COLUMBUS - Ohio must invest in top teaching talent and give many students an attitude adjustment about math and science if it hopes to compete in tomorrow's global economy, a state panel warned yesterday.
"If we don't make that investment, the penalty is going to be enormous," said Julian Earls, former director of the NASA John Glenn Research Center and current executive-in-residence of Cleveland State University's Nance School of Business.
"The penalty is we will not be the leaders," he said. "We will fall even further behind in terms of science and math education, which has a direct impact on the economy."
Mr. Earls co-chaired the Science and Mathematics Education Policy Advisory Council consisting of 23 representatives of K-12 schools, higher education, and the business and science communities.
The panel was created more than a year ago by then-Gov. Bob Taft and the Board of Regents to recommend changes that Ohio can make from preschool through college to produce world-class talent for tomorrow's business needs.
The report calls for financial incentives to recruit and keep high-quality teachers, creation of so-called STEM (Science, Technology, Engineering, and Mathematics) academies, and correction of a public mind-set that such courses are for a privileged few.
"One of the cornerstones of this advisory panel is that we need to have some kind of PR to make the public aware of how much of this Ohio is lacking. This is not going to be accomplished right away," said council member Heinz Bulmahn, vice provost for research and dean of Bowling Green State University's graduate college.
The panel presented its recommendations as a whole, not as a menu from which lawmakers could pick and choose.
"If any one of these legs fails, we're not going to get close to solving this problem," Mr. Bulmahn said.
The recommendations were presented as a continuation of what lawmakers started late last year when they raised the math and science bar that high-school graduates must clear, beginning with the class of 2014.
The report makes no effort to tell the state, school districts, or universities where they would find the revenue to produce and pay more science and math teachers and increase course offerings and related extracurricular activities.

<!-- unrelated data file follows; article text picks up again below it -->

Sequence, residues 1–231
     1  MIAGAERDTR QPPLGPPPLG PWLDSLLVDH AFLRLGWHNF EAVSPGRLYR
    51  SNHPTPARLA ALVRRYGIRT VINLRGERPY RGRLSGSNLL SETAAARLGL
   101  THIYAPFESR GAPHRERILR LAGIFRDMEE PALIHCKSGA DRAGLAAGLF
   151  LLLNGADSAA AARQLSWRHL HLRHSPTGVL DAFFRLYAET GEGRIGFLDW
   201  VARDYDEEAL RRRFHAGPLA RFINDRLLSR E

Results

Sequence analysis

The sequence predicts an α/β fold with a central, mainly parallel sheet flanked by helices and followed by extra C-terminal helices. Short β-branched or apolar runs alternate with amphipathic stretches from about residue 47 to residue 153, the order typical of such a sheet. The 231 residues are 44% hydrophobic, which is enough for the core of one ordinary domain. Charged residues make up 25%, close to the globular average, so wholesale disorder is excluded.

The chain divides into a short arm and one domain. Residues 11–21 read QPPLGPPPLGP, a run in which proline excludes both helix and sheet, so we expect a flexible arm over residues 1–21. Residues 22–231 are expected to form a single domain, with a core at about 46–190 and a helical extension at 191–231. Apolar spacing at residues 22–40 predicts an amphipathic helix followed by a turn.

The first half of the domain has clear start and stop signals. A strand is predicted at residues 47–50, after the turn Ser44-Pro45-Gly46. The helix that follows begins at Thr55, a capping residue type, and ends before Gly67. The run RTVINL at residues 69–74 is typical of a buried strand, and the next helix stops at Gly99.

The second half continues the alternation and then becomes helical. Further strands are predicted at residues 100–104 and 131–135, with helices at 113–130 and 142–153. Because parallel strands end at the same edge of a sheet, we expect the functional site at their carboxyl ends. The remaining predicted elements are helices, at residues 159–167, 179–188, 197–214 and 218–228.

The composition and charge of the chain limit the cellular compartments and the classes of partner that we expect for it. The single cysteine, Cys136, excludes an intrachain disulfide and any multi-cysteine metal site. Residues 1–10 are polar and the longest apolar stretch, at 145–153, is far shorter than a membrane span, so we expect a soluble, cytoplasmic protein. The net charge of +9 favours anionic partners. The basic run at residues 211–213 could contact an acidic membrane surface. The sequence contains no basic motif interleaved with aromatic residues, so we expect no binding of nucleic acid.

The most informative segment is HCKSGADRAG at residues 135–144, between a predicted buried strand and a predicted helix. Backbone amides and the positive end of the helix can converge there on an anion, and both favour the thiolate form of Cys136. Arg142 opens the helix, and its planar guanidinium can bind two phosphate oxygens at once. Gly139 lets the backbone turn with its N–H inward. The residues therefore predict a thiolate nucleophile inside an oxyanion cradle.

"We should have been doing this 16 years ago," said Senate Minority Leader Teresa Fedor (D., Toledo), a former teacher. "The facts bear this out. We're lagging behind because of a lack of vision and a lack of focus on a public education system for all."
She said the focus on math and science should not come at the expense of other courses.
Ten of the panel's 13 recommendations would require additional state funding. The report arrives as Gov. Ted Strickland has downplayed expectations for major new spending initiatives for his first two-year budget proposal due next month.
Karen Holbrook, president of Ohio State University and council co-chairman, said teacher recruitment is the glue that will bind all of the other recommendations. Pay is likely to be part of that discussion.
"Some people will say that teachers are so committed that, if they work in a good environment and have good opportunities, the salary isn't going to be that important," she said. "On the other hand, if you give people a choice of careers, one that pays better than the other, I'm afraid we'll lose teachers. In the end, teachers have to pay for their families as well."
The National Academy of Sciences has called for the recruitment of 10,000 math and science teachers a year to meet the country's demand.
"The [school] building program and our new core curriculum will be for naught if we do not develop the faculty that can deliver the curriculum," Rep. Clyde Evans (R., Rio Grande) said.
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